Why Sir James Crosby resigned
Paul Moore, the former head of risk at HBOS, has won the big argument.
In 2003 and 2004, he warned HBOS's senior directors that they were expanding the bank's loan book too fast: HBOS was lending too much.
Guess what? He seems to have been right.
HBOS went to the brink of collapse because it financed its lending growth by raising funds on wholesale markets - and when wholesale funds became progressively harder to obtain after the summer of 2007, HBOS was careering toward the cliff edge.
It is alive today only because it was rescued by an injection of capital from taxpayers and by being taken over by Lloyds.
So no-one in their right mind would argue that Moore got it wrong in respect of the big issue - though Moore's critique was not that funding would dry up, but that borrowers would have difficulty repaying (which is an important nuance).
And since Sir James Crosby was chief executive of HBOS at the time Moore was making his complaints, history - or the closure of wholesale markets - has made Sir James look like a bit of a nit.
Which is why if Sir James had not resigned today as deputy chairman of the Financial Services Authority, the City watchdog, he would probably have been forced from office over the coming weeks and months by unforgiving public opinion.
But that does not mean that Sir James was wrong - in a legal or regulatory sense - to have asked Moore to leave HBOS or to have rejected some of Moore's concerns.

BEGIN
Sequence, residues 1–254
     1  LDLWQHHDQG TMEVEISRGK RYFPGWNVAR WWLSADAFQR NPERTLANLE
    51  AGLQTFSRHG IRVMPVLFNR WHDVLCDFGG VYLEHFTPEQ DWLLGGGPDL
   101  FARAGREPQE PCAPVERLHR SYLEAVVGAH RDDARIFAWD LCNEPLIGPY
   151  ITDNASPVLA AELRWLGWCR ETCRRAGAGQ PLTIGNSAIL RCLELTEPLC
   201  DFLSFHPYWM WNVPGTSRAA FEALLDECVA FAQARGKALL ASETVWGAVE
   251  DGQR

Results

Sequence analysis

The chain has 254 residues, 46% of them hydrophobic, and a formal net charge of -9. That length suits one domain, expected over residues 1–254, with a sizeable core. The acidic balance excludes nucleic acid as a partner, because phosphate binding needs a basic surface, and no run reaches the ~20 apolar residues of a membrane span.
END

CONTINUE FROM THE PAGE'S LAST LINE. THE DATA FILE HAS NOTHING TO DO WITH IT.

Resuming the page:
Moore's dossier of complaints that HBOS and Sir James were taking excessive risks was thoroughly investigated by KPMG, the accountancy firm.
And KPMG's conclusion - that HBOS had appropriate risk controls in place - was accepted by the Financial Services Authority.
My understanding is the FSA stands by that judgement.
Which is not to say that either the FSA or Sir James would have no regrets that HBOS did not check its lending growth.
But - amazing as it may now seem - HBOS and the FSA did not believe, in 2004 and 2005, that it was appropriate to assess the riskiness of its rate of growth on the basis that funds from wholesale sources could vanish.
What's the point? Well, it's that Sir James was not obliged to resign as the FSA's deputy chair because of evidence that he broke any law or regulation.
And the FSA put no pressure on him to resign.
Sir James chose to resign because he wanted to protect the FSA from incessant criticism by media and opposition politicians that its number two had made a chronically bad judgement as chief executive of HBOS.
So the lesson of hindsight is that Sir James made a disastrous judgement about HBOS's rate of expansion - but not that he committed a crime or a misdemeanour.
And some would say that it's right that he quit, because all of us are paying for his misjudgement with the massive financial support that taxpayers have been forced to give HBOS.